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N.C. educators banking on free tuition offer

Associated Press

DURHAM, N.C. — The North Carolina School of Science and Mathematics was suffering a brain drain. Many of the state’s brightest high school juniors and seniors were sitting behind desks in urban magnets, not cracking the books at the public high school.

That, school officials and lawmakers believe, is about to change.

A legislative initiative gives the school an advantage that no other specialized school in the country provides: free tuition for its graduates who enroll at public North Carolina universities.

“A lot of my friends would die to go to (the University of North Carolina at Chapel Hill) and I have free tuition handed to me on a silver platter,” said Leah Hawkins, who will graduate in the spring with the first class eligible for the grants.

Officials of the School of Science and Mathematics saw the number of applicants steadily decline in the late 1990s as the growing emphasis on accountability forced public schools to improve. Applications to the school bottomed out at 654 in 1999, the fewest in the school’s 23-year history.

Other specialized schools nationwide have seen a similar decline.

Applications to the Illinois Mathematics and Science Academy in Aurora, Ill., soared to 948 in 1994 when the school received widespread publicity for its all-girl, calculus-based physics class. By 2001, the number had fallen to 539.

The Illinois academy turned to a vigorous recruiting approach that reaches into middle schools and opens the campus up to prospective students at least once a month, said LuAnn Smith, director of institutional research and enrollment management. Applications climbed to 570 this year for about 200 spots.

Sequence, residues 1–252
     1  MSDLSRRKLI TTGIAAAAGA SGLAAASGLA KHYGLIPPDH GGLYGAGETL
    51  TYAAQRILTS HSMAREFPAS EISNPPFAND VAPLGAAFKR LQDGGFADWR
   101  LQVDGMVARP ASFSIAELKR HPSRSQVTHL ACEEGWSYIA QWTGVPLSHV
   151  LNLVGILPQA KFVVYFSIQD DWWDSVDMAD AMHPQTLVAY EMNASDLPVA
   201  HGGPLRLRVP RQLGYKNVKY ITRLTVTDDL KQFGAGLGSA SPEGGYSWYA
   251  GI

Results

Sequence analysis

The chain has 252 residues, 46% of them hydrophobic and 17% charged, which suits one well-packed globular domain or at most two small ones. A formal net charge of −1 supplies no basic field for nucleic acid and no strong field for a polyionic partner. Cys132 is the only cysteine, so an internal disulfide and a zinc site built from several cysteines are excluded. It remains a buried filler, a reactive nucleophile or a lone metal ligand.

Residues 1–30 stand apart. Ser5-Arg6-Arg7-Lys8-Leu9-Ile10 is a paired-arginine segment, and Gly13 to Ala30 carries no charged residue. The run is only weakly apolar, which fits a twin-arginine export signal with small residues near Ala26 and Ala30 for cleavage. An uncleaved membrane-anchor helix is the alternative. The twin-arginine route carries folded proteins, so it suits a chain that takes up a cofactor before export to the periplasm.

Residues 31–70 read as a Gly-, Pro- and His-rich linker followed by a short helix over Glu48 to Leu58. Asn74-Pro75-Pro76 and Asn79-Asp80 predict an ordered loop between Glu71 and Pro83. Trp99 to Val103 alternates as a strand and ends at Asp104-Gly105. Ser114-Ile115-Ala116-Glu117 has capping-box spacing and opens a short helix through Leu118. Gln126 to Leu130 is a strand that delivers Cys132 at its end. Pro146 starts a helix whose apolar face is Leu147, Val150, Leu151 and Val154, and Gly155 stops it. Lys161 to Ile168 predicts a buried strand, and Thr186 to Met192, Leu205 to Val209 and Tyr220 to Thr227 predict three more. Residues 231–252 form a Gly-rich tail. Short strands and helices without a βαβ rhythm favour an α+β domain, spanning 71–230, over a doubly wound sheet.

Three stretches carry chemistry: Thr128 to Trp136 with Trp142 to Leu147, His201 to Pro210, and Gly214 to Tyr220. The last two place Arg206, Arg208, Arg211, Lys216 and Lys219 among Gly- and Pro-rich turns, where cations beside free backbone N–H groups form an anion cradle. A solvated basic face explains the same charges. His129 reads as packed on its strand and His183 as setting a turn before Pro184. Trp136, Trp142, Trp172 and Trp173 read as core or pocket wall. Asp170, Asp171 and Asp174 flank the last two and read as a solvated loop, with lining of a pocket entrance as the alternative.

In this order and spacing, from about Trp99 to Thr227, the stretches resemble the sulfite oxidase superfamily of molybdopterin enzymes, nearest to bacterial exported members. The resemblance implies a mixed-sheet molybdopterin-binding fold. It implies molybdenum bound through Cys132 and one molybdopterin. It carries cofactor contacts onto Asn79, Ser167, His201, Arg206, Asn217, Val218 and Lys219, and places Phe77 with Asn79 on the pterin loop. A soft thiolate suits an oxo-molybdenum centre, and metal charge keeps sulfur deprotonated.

The North Carolina School of Science and Mathematics used many of the same strategies and had modest success in pulling up the number of applications.

But the offer of free tuition is what has re-energized supporters and gotten students and parents across the state to look at the school.

Admissions officials now are bracing for an avalanche of applications, perhaps a 1,000 or more for roughly 300 spots. That would be the most in school history.

The National Consortium for Specialized Secondary Schools of Mathematics, Science and Technology knows of no similar offer. “That’s a tremendous incentive,” said President Dennis Lundgren.

About two-thirds of the School of Science and Mathematics graduates enroll at colleges in North Carolina, said Stephen Warshaw, the school’s senior vice president of academic programs.

Its reputation extends nationwide as well. Ivy League schools have enrolled 49 students since 1998, enough to land it on Fortune magazine’s list of the nation’s top 50 Ivy League feeder schools.